Comparing the number of earners in each band, and the share of total earnings they command (top graph) the inequalities begin to show through. The top 4 per cent of individuals earning more than £50,000 take almost 22 per cent of total earnings, and the top 1 per cent takes 11 per cent. At the bottom end, the 18 per cent of individuals on less than £8,000 a year take under 6 per cent of total earned income. The total income of the top 1 per cent exceeds the bottom 30 per cent. The average earnings for each band explain why. Average incomes for the top 1 per cent were £201,000 compared with just £4,500 at the bottom.
Britain has become one of the more unequal Western countries over the course of the last 20 years, though it is still well behind the US. Income inequalities began to increase in the late 1970s and New Labour has not been successful in reducing them. Incomes of the top earners have increased faster than ever aided by the development of what Robert Frank and Philip Cook in their 1995 book termed the "winner-take-all society", whereby earnings for top performers, whether footballers, chief executives or investment bankers, have risen dramatically, allegedly to reflect their global scarcity value.
Interestingly, given the recent (and speedily quashed) suggestion that Labour should consider reintroducing a 50 per cent top rate of income tax, the share of total income taxes paid by high earners has increased significantly. In 1990 the top 1 per cent of earners paid 15 per cent of income taxes and the top 5 per cent paid 32 per cent. By 2000-01, these proportions had risen to 22 per cent and 41 per cent respectively. Conversely, the share of the bottom 50 per cent fell from 15 per cent to 11 per cent. The rich are paying a bigger slice of income taxes than 10 years ago.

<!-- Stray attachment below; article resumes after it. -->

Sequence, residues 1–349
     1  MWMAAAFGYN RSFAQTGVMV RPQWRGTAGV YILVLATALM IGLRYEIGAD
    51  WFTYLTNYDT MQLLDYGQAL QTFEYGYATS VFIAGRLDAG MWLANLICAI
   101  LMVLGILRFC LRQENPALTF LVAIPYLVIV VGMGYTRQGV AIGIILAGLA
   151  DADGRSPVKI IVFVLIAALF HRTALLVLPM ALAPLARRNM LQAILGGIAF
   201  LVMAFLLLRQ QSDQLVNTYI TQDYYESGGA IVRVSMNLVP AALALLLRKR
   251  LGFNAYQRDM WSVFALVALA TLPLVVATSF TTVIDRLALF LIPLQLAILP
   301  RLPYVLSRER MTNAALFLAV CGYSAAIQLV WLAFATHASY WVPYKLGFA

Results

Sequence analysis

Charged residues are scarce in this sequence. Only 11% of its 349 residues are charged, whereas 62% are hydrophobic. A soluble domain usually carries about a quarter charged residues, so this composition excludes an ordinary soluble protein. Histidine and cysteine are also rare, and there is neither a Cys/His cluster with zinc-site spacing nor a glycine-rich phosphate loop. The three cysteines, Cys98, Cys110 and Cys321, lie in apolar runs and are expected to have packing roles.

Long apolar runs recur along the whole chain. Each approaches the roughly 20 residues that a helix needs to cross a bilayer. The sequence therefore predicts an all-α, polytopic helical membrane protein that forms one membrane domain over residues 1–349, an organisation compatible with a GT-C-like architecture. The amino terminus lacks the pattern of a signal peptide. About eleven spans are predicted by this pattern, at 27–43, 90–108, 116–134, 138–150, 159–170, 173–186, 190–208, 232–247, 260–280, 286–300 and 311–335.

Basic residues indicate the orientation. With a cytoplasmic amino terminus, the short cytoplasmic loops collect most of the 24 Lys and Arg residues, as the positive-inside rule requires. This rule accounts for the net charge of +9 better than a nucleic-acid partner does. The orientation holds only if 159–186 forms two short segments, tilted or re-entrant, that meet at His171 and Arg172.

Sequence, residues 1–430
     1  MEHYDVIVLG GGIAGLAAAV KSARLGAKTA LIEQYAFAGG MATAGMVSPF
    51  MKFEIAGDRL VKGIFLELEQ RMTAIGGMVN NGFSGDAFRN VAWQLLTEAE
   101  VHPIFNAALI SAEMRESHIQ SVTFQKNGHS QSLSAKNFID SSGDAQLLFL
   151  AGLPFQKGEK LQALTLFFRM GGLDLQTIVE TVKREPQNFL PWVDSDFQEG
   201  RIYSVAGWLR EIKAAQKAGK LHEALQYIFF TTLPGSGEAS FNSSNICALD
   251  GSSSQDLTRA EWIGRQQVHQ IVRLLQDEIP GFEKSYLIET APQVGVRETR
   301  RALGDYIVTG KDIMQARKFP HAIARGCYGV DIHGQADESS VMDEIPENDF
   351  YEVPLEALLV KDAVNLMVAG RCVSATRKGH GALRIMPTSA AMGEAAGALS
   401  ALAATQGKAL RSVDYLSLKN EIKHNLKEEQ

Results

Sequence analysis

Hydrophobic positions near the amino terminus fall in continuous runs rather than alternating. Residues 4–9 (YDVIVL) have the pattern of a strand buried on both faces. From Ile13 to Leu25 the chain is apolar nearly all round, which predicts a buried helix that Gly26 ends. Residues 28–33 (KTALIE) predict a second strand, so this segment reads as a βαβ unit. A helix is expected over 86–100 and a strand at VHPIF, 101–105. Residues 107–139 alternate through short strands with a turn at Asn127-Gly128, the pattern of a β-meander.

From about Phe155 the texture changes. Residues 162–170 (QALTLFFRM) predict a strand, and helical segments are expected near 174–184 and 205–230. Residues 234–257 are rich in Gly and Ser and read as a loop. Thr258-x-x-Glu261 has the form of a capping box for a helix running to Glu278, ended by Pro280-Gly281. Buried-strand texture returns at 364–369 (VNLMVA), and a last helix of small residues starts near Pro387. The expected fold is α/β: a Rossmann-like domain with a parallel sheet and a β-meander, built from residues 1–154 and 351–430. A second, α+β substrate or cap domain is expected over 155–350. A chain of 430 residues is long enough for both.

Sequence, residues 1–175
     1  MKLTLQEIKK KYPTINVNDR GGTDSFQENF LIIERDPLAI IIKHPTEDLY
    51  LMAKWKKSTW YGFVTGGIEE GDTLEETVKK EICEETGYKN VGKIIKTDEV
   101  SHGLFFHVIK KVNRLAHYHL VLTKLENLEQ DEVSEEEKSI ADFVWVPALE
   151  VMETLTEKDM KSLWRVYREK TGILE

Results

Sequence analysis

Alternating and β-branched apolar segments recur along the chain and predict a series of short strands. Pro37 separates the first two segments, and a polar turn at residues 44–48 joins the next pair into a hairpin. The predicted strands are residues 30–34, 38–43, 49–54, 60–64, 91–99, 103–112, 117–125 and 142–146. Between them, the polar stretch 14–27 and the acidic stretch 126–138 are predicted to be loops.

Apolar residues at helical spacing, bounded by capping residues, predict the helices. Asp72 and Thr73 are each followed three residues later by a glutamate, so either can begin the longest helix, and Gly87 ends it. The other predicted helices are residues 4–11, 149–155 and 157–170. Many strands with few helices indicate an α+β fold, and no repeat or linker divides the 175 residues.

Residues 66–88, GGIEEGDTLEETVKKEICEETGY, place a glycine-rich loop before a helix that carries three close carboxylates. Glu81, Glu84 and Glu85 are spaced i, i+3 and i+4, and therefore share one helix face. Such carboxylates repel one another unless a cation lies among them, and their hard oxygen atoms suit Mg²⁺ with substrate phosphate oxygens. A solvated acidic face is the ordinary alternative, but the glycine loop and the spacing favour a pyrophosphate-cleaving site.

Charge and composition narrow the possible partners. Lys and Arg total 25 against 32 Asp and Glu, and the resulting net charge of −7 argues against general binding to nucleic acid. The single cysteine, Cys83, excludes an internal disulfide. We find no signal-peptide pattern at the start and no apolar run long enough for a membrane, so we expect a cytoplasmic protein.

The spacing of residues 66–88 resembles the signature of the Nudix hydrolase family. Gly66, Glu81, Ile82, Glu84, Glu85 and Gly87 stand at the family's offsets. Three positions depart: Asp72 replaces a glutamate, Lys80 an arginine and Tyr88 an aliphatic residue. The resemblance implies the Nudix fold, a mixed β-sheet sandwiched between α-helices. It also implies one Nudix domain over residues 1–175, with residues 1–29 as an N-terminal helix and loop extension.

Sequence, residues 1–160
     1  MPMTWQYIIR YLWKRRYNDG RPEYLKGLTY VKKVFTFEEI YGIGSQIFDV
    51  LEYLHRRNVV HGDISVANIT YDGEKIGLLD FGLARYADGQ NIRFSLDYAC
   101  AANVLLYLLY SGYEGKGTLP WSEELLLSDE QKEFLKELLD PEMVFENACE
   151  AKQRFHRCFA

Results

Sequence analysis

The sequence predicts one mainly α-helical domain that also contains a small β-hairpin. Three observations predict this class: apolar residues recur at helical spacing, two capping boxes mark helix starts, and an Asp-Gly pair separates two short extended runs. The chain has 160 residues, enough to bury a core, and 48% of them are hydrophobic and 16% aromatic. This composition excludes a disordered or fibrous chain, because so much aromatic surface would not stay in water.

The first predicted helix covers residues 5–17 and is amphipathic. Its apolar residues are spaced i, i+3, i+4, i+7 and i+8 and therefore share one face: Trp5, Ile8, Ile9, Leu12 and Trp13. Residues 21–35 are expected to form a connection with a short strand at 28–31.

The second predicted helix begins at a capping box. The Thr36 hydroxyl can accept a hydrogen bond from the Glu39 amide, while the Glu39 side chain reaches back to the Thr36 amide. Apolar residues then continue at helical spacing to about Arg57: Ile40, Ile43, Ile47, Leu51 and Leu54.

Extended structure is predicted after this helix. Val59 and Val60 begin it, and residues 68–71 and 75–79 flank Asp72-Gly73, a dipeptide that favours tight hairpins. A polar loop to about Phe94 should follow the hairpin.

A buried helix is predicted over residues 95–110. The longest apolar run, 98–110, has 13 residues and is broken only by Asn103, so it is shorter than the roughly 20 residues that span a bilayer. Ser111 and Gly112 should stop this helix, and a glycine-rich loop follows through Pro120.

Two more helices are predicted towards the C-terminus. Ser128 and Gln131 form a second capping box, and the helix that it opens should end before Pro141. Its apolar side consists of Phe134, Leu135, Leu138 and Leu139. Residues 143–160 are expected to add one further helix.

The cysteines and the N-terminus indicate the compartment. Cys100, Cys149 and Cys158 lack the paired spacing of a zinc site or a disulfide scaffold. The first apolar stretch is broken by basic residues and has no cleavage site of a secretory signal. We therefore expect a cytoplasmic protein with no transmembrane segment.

Not surprisingly, given the nature of the regional economy, the concentration of high earners and earnings in London and the South-east of England, the geographical distribution of earned income is also unequal. The Government has questioned the existence of a North-South divide. But although there are pockets of high incomes in the Midlands and the North, and major concentrations of poverty in London and the South-east, the Inland Revenue data by regions show that the differences are very sharp.
The middle and bottom graphs show, respectively, the regional distributions of the proportion of the number of people and the proportion of total incomes (amount) by income band. They reveal a marked difference between London and the South-east and the other regions. In London only a quarter (24 per cent) of taxpayers earned less than £10,000 a year compared with a third in the North-east, North-west and Northern Ireland. At the other extreme, more than 6 per cent of taxpayers in London and the South-east earned more than £50,000 a year compared with between 1.8 per cent and 2.7 per cent in the northern regions. The discrepancies are equally marked where amounts are concerned. In London, those earning more than £50,000 a year took a third (34 per cent) of total income, compared with between 10 to 14 per cent in the northern regions. The conclusion is simple: there are more high incomes in London and the southern regions than in the North, and they take a much bigger share of regional incomes. The Government may deny the existence of a North-South divide but the Inland Revenue data is clear cut.
Chris Hamnett is Professor of Geography at King's College London and author of 'Unequal City: London in the Global Arena', Routledge, 2003Reuse content